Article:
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U.S. ship travels Strait of Hormuz

Allied naval commanders unite to keep vital waterway open by JON GAMBRELL THE ASSOCIATED PRESS | May 20, 2023 at 3:56 a.m.
Two traditional dhows sail by a large container ship Friday in the Strait of Hormuz. (AP/Jon Gambrell)

ABOARD THE USS PAUL HAMILTON IN THE STRAIT OF HORMUZ -- The Mideast-based commanders of the U.S., British and French navies transited the Strait of Hormuz on Friday aboard an American warship, a sign of their unified approach to keep the crucial waterway open after Iran seized two oil tankers.

Tensions in the Persian Gulf have been volatile since Iran's nuclear deal with world powers collapsed following the U.S.' unilateral withdrawal five years ago. The incredibly rare, joint trip by the three navy chiefs aboard the USS Paul Hamilton, an Arleigh Burke-class destroyer, saw three fast boats of the Iranian Revolutionary Guard approach the vessel at one point.

Guardsmen stood by uncovered machine guns on their decks, while sailors aboard the Paul Hamilton similarly stood by loaded machine guns as others shot photographs and video of the vessels. An Associated Press journalist also accompanied the allied naval commanders.

While the Guard kept its distance from both the Paul Hamilton and the passing British frigate HMS Lancaster, their presence showed just how tense passage for vessels can be in the Strait of Hormuz, the narrow mouth of the Persian Gulf through which a fifth of global oil supplies passes.

"Iran has seized or attacked 15 ships in the last two years, eight seizures and seven attacks," Vice Adm. Brad Cooper, who oversees the U.S. Navy's Mideast-based 5th Fleet, told the AP. "So the shipping industry is mindful of what the security posture looks like in the region. We have the ability to positively impact that influence, and that's what we're doing now."

Cooper said Iran's Guard ships Friday came within 1,000 yards of the Paul Hamilton, which is based out of San Diego.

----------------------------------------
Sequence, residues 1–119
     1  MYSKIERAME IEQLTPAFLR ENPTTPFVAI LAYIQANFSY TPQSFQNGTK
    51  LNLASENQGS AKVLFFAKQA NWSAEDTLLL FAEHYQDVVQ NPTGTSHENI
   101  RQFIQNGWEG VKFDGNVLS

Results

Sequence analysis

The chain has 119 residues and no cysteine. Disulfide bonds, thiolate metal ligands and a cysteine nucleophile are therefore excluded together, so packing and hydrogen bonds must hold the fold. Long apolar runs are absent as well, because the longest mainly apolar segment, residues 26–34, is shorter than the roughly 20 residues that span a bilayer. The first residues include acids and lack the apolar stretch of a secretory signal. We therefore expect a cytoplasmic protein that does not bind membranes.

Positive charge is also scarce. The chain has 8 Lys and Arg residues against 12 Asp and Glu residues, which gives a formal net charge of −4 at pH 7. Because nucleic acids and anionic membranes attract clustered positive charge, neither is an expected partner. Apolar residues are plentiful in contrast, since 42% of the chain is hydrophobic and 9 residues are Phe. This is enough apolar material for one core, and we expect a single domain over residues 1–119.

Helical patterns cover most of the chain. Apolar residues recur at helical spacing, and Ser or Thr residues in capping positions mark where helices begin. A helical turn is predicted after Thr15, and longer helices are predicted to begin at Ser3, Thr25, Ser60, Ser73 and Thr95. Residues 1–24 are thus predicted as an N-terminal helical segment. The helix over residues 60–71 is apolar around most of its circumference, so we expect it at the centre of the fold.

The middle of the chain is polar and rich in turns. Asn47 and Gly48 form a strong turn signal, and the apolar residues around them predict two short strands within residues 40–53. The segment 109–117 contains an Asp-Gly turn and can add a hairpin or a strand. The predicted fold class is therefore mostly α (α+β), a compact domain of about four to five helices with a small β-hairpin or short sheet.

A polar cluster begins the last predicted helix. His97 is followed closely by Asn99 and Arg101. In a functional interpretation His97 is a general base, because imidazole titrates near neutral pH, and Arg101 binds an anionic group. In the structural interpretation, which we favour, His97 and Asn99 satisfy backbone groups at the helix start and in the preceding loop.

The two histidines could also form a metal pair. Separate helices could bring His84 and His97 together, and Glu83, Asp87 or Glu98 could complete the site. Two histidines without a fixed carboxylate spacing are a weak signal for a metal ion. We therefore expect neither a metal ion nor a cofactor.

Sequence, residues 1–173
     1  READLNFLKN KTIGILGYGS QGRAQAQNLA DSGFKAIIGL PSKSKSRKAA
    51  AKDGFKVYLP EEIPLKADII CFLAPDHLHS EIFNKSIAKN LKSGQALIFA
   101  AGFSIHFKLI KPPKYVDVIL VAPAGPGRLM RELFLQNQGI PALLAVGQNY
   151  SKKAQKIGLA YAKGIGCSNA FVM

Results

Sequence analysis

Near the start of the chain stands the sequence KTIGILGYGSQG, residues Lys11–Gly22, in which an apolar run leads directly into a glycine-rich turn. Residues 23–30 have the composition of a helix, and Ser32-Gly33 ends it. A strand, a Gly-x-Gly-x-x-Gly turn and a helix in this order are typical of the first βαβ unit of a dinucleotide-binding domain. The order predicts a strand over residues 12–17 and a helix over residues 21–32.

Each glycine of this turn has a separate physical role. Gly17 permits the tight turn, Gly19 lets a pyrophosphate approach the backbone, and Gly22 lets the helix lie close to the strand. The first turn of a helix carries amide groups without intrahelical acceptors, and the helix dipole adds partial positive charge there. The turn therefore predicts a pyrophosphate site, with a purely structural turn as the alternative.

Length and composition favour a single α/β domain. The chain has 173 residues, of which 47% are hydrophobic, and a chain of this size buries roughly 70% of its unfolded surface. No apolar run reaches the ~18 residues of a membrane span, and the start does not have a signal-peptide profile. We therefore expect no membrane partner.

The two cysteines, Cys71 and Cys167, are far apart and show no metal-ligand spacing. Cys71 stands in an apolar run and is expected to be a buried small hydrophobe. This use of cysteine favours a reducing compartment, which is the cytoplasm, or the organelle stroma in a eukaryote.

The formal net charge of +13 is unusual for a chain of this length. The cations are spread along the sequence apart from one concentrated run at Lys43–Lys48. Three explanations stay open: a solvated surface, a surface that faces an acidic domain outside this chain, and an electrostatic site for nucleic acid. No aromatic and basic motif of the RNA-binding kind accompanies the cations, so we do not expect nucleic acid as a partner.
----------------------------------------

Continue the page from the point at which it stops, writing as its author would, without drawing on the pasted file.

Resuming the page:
The U.S. has viewed securing the Middle East's waterways, particularly the Strait of Hormuz, as key since then-President Jimmy Carter's 1980 speech vowing to use military force to protect American interests in the wider Persian Gulf. While focused then on the Soviet Union's invasion of Afghanistan, the Carter Doctrine's vow to allow "the free movement of Middle East oil" now pits the U.S. against Iran.

Last week, White House National Security Council spokesman John Kirby told journalists that America planned to make "a series of moves to bolster our defensive posture" in the Persian Gulf, while criticizing Iran's recent seizures of tankers. Cooper said the joint trip on the Paul Hamilton represented part of that push, with the aim of having more coalition ships passing through the strait on a regular basis.

"The volume of commerce that flows through the Strait of Hormuz -- it is critical to the world's economy," he said.

For its part, Iran long has bristled at the American presence in the region. After Kirby's remarks, Iranian Foreign Ministry spokesman Nasser Kanaani issued a lengthy statement accusing the U.S. of "creating and intensifying instability and insecurity in the Persian Gulf region for decades with its interventionist and destructive policies."

However, Kanaani also specifically mentioned the U.S. "seizing and confiscating some Iranian oil cargoes in international waters." The suspected American seizure of the Suez Rajan, a tanker linked to a U.S. private equity firm believed to have been carrying sanctioned Iranian crude oil off Singapore, likely sparked Tehran to recently take the Marshall Islands-flagged tanker Advantage Sweet. That ship carried Kuwaiti crude oil for energy firm Chevron Corp. of San Ramon, California.

There was no immediate reaction in Iranian state media nor from the Guard about the Paul Hamilton's trip from the Persian Gulf out through the strait to the Gulf of Oman. However, it was unlikely the Iranians immediately knew that the American, British and French commanders had been aboard the vessel, though at least one Guard member aboard the fast boats was studying the Paul Hamilton with a pair of binoculars.

Iran's mission to the United Nations did not immediately respond to a request for comment about the trip.

On the trip through the Strait of Hormuz, at least one Iranian drone watched the Paul Hamilton. Meanwhile, a U.S. Navy Boeing P-8 Poseidon also was overhead. U.S. forces also routinely fly drones in the region as well, while a Navy task force has put some drones out to sea as well.

  photo  U.S. Navy retail service specialist Artayja Stewart of Clarksville, Tenn., stands watch Friday on the deck of the USS Paul Hamilton as it transits the Strait of Hormuz with the Mideast-based chiefs of the U.S., British and French navies aboard. The cruise was a show of a unified approach to keep the waterway open after Iran seized two oil tankers. Three Iranian Revolutionary Guard boats, guns ready, approached but kept their distance. (AP/Jon Gambrell)

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